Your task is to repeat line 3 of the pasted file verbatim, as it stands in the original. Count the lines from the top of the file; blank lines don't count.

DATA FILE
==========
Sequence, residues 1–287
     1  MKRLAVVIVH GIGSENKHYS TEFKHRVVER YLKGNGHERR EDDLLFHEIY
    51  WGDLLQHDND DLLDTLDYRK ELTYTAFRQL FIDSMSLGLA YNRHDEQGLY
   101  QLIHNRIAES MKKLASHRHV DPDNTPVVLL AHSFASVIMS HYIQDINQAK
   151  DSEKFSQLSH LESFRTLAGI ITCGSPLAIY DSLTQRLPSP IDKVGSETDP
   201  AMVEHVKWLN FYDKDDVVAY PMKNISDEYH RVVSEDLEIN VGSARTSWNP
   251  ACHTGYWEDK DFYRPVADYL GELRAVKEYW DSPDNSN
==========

    51  WGDLLQHDND DLLDTLDYRK ELTYTAFRQL FIDSMSLGLA YNRHDEQGLY